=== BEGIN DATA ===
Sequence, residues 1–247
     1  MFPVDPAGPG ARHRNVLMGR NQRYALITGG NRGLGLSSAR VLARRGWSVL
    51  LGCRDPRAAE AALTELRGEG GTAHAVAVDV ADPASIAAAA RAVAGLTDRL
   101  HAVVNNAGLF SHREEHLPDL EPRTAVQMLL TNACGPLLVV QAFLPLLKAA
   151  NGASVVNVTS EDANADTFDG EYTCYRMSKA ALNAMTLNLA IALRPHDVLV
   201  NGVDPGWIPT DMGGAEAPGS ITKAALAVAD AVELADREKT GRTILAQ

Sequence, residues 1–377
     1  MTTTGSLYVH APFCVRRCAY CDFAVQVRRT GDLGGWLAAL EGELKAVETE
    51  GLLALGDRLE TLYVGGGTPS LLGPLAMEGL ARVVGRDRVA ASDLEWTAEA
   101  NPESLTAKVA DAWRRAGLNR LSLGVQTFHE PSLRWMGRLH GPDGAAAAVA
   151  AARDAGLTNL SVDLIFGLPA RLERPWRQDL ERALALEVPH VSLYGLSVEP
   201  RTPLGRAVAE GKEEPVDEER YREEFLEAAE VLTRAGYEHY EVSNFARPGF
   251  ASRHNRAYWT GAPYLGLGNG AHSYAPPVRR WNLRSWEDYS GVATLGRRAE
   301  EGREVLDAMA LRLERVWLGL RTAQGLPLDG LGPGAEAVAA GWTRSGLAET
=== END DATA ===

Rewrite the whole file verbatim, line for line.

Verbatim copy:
Sequence, residues 1–247
     1  MFPVDPAGPG ARHRNVLMGR NQRYALITGG NRGLGLSSAR VLARRGWSVL
    51  LGCRDPRAAE AALTELRGEG GTAHAVAVDV ADPASIAAAA RAVAGLTDRL
   101  HAVVNNAGLF SHREEHLPDL EPRTAVQMLL TNACGPLLVV QAFLPLLKAA
   151  NGASVVNVTS EDANADTFDG EYTCYRMSKA ALNAMTLNLA IALRPHDVLV
   201  NGVDPGWIPT DMGGAEAPGS ITKAALAVAD AVELADREKT GRTILAQ

Sequence, residues 1–377
     1  MTTTGSLYVH APFCVRRCAY CDFAVQVRRT GDLGGWLAAL EGELKAVETE
    51  GLLALGDRLE TLYVGGGTPS LLGPLAMEGL ARVVGRDRVA ASDLEWTAEA
   101  NPESLTAKVA DAWRRAGLNR LSLGVQTFHE PSLRWMGRLH GPDGAAAAVA
   151  AARDAGLTNL SVDLIFGLPA RLERPWRQDL ERALALEVPH VSLYGLSVEP
   201  RTPLGRAVAE GKEEPVDEER YREEFLEAAE VLTRAGYEHY EVSNFARPGF
   251  ASRHNRAYWT GAPYLGLGNG AHSYAPPVRR WNLRSWEDYS GVATLGRRAE
   301  EGREVLDAMA LRLERVWLGL RTAQGLPLDG LGPGAEAVAA GWTRSGLAET